You are not going to like my answer. Operator Error is the problem, not the camera, not the lens.
[EDIT]. You are stuck in a rut, and need to take a critical look at how you do things. Think outside of the box you are in.
You might want to compare the pictures exif data and see what the camera is setting versus what you are setting in manual mode to be able to see what you are doing wrong.
You should post pictures that you think the camera is doing right and pictures you set that you think were blurry here. Without having them to analyze, you are basically compelling us to conclude that it's user's error.
Generally if there is nothing wrong with the camera and you know what you're doing, you should be able to get better pictures in M mode since you get to control everything and get the most out of the pictures. If you don't know what you're doing, M mode might be a disaster.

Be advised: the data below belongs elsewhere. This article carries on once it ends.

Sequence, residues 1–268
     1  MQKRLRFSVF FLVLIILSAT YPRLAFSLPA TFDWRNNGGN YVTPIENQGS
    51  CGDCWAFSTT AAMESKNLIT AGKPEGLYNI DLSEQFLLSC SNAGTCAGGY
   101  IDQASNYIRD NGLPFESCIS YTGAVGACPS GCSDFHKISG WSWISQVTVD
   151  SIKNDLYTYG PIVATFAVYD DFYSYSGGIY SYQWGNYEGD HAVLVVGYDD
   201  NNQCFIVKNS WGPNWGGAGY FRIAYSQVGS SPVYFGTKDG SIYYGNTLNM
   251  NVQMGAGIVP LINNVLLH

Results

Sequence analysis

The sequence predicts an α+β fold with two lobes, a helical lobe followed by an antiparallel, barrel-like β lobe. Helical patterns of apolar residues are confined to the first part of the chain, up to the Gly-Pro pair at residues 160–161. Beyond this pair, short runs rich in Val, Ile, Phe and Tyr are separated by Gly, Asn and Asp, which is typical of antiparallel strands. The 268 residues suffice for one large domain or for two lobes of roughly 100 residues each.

50 feet or 109 feet makes no difference at all. What was your shutter speed?
As other stated, compare EXIF data and see what the shutter speed and aperture differences are between your manual selection versus what the camera is selecting under program mode.
It could be the shutter speed is too slow OR maybe you need to use the micro focus adjustment to calibrate the lens to your camera if you are shooting in manual with wide open aperture (with resultant shallow depth of field) while program AE is stepping down the aperture providing greater depth of field. A critical error in focus adjustment will often be masked as the aperture is closed down providing greater depth of field.
If the SAME exposure triangle (shutter speed, aperture, ISO) is selected for BOTH program AE AND manual then the camera will provide the same image quality.
The camera can do it but you are struggling. I’d suspect you were using too slow a shutter speed when in Manual. Rule of thumb would be minimum of 1/300 if your camera is full frame or 1/500 if you shoot a crop sensor. Faster shutter if subject is moving at all quickly.
That assumes perfect form form and ideal conditions. Try taking a shot outside in bright daylight at ISO 200 and the fastest shutter you can get. Like 1/4000. Should be sharp.
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